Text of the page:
Telling the story of x

7 teachers like this lesson
Print Lesson

Objective

SWBAT solve two-step equations using inverse operations and partner discussions.

Big Idea

Students learn to solve equations by figuring out what happened to x....in reverse!

Launch

20 minutes

As usual, I try to launch this lesson with tasks that allow my students to access some prior knowledge and prepare them for the work they will engage in today. These Launch problems motivate an important problem solving strategy when learning to solve equations, working backwards. (I often teach my students to think about equation solving as reversing the order of operations).

For the Launch today, I encourage students to work with partners and discuss the best way of arriving at the answer in each of the three cases. I walk around listening to students' conversation, asking that they not write anything. I want them to try to figure out how to answer each question mentally, before they begin taking steps on paper. I find that this helps some students to realize that working backwards using opposite, or inverse, operations, is a possible strategy.

Once students are done, I will call on volunteers to share how they solved each of the problems. Then, before moving on to the next section of the lesson, I write the following number puzzle on the board: 

I'm thinking of a number 

I multiply the number by 4.
I add 6 to that answer 
I divide by 2.
I subtract 5.
The number I end up with is 21

Tell me the number I started with.

This activity usually gets students working backwards. Without fully realizing it, most use inverse operations to quickly find that my number was 12. Once we agree on the answer, I will ask students to try this process once with any partner. In the context of solving a number puzzle, I find that they are always eager to give it a try. 

 

 

New Info/Application

25 minutes

Before handing out the Two step equations Activity Sheet, I project The X Story.docx on the board and ask the class to follow along as a student volunteer reads this task. After the work completed during today's Launch, this task should be quite simple. The reason I show it is so students have an idea of what they are going to do in the following activity. 

I then ask my student volunteer to come up to the board  and complete the table. After completing the table, we should find that x was equal to 2. At this point, I want to make sure that all students see that inverse operations was used at each step to get to x = 2. I demonstrate that when entering information in the left column (writing what happened to x), we use order of operations, but when "unraveling" or solving the equation (the right column), we proceed by reversing the order of operations.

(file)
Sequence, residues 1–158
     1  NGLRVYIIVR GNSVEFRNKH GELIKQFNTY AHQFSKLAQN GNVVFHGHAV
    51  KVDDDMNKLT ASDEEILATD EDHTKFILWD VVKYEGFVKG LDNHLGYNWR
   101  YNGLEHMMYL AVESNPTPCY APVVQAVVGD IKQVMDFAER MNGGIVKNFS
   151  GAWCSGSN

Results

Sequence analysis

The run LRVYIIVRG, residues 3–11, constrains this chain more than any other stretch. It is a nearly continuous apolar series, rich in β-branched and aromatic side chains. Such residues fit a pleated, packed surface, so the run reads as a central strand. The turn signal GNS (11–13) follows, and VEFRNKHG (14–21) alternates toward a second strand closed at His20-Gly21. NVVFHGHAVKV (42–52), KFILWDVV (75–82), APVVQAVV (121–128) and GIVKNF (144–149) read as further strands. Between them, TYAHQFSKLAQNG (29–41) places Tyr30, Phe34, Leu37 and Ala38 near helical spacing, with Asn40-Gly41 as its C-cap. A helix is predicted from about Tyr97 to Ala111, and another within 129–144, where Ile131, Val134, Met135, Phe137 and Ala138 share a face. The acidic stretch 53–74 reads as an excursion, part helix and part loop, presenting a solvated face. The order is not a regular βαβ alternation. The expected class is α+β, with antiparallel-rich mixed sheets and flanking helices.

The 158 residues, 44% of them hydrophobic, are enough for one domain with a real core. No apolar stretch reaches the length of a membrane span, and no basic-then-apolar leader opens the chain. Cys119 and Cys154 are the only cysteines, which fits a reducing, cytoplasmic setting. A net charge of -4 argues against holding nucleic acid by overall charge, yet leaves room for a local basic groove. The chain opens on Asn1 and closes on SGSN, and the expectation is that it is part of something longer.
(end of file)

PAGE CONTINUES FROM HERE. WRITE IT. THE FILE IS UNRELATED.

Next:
Now, I introduce the main activity for this section of the lesson by distributing Activity Sheet Two step equations. The reversal of the order of operations must be considered in answering equations 3 and 5, especially, because the value being added or subtracted appears first in the equation from left to right. Question 6 is left blank intentionally. I will ask students to write their own equation and "story" about x for Question 6. 

I will let the students work together on this task, intervening with questioning and scaffolding. A common intervention in this lesson is "The Cover Up Technique". See the Grappling with Complexity reflection on this teaching strategy for more details about how I employ this during the lesson.

 

Closure

10 minutes

Closing this lesson involves having students show their work for all 6 equations from the Activity Sheet on the board. As students finish working at their desks, I will call on volunteers. After the work is done on the board, I open discussion for questions or comments on the handout making sure students know what to do for the homework assignment.

Tonight's homework is Homework Two Step Equations 1

Something that might be worth pointing out about tonight's homework:

Although not seen in the lesson, a couple of HW problems contain equations where the coefficient of x is negative; ex) -9x + 1 = -80

Students will make the mistake of adding 9 when they see -9x. This is a major mistake and I always watch for this. It may be a good idea to let students know before the lesson ends that -9x means x is being multiplied by -9, and therefore, to undo this, we must divide by -9: